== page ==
Pre-Purchase Insights: Everything you need to know before you buy.
By Adam Pez | 2022 Oct 31
When building a viewer application, organizations seek a PDF rendering library to parse, render, and display PDFs in an application. Ideally, you select a component to give you a stable platform on which to build a successful, long-term solution, whether for a commercial product, a quick PoC, or an internal enterprise application.
But of the several developer strategies and components available, which one is best for your project?
This is your guide to selecting a PDF rendering and display engine. We’ll lay out your options, then answer the most frequently asked questions that arise when choosing a backbone for your PDF viewer project.
A PDF rendering engine or “core” is the foundational piece in your viewer application architecture; it makes PDF files accessible for viewing and manipulation in an interactive workflow. Choosing the right one for your needs is therefore key, because the core serves as the cornerstone of everything an application does.
This guide discusses a few different PDF engines: some offered by commercial vendors, others available as free downloads. We’ll use Wikipedia to lay down ground terminology.
Open source is source code made available to everybody to modify, enhance, and distribute.
Open source is source code that is made freely available for possible modification and redistribution. Products include permission to use the source code, design documents, or content of the product. The open-source model is a decentralized software development model that encourages open collaboration.
Proprietary software, on the other hand, is non-free source code that only an organization, person, or team can create, edit, inspect, or change.
Proprietary software, also known as non-free software or closed-source software, is computer software for which the software's publisher or another person reserves some licensing rights to use, modify, share modifications, or share the software, restricting user freedom with the software they lease. It is the opposite of open-source or free software. Non-free software sometimes includes patent rights.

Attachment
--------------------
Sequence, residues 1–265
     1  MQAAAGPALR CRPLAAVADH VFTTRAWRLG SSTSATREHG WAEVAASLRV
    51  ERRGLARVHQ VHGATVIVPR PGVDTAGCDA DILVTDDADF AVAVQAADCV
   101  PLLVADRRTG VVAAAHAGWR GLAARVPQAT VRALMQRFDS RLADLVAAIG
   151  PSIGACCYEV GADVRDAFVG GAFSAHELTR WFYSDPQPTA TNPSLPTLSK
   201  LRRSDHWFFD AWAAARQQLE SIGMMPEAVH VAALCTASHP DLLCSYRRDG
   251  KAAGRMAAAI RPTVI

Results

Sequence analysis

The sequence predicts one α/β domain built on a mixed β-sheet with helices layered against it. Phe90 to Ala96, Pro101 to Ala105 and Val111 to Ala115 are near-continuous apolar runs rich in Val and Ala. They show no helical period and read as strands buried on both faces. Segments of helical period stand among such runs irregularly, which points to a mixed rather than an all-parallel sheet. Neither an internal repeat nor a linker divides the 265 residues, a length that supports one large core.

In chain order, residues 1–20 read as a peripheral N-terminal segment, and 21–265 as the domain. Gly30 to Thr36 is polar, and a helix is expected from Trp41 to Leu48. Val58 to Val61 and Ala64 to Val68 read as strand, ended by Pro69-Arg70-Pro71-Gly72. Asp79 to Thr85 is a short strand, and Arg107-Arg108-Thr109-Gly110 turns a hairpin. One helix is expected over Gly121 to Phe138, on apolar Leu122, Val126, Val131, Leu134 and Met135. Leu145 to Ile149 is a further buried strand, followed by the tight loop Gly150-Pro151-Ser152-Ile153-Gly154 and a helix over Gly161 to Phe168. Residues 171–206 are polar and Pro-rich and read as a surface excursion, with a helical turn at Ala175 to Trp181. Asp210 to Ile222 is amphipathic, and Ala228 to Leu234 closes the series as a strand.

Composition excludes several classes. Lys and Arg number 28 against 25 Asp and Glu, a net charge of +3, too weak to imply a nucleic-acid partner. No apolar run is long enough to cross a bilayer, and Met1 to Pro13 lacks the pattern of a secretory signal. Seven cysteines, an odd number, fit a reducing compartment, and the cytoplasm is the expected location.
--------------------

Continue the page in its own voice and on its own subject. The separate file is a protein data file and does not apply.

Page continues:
With definitions out of the way, let’s create some library categories to consider:
When it comes to your PDF technology needs, open source can serve as a practical and proven starting point.
A popular option is PDFium, Google’s fork of Foxit’s PDF viewer in C++. PDFium is used today in Chrome and Windows Edge; SaaS vendors such as Dropbox use it for PDF previews, with a server-side renderer.
The benefits of these two engines are not hard to see — both PDFium and PDF.js are distributed under permissive licenses (MIT and Apache 2.0, respectively). So, they make PDF rendering freely accessible to developers.
Using these libraries directly from the repo, organizations also gain the benefits of open source:
Unmodified open source is a great entry level option. But when your users start requesting more features or improved rendering performance, you’ll need to consider other options that offer more than just the ability to read PDFs.
Consider other options when you need:
Using unmodified open source brings the disadvantage of bad PDFs, which introduce problems that interrupt user productivity.
[Parsing & extracting] is relatively straightforward until you get to bad PDFs. There are a lot of bad PDFs out there that don't follow the specification. A lot of our code is going back to handle these strange cases.
Former Mozilla and PDF.js Developer Brendan Dahl
PDFs are an incredibly complex file format; this is especially so given that a PDF can be generated a hundred different ways, all of which a renderer needs to handle gracefully.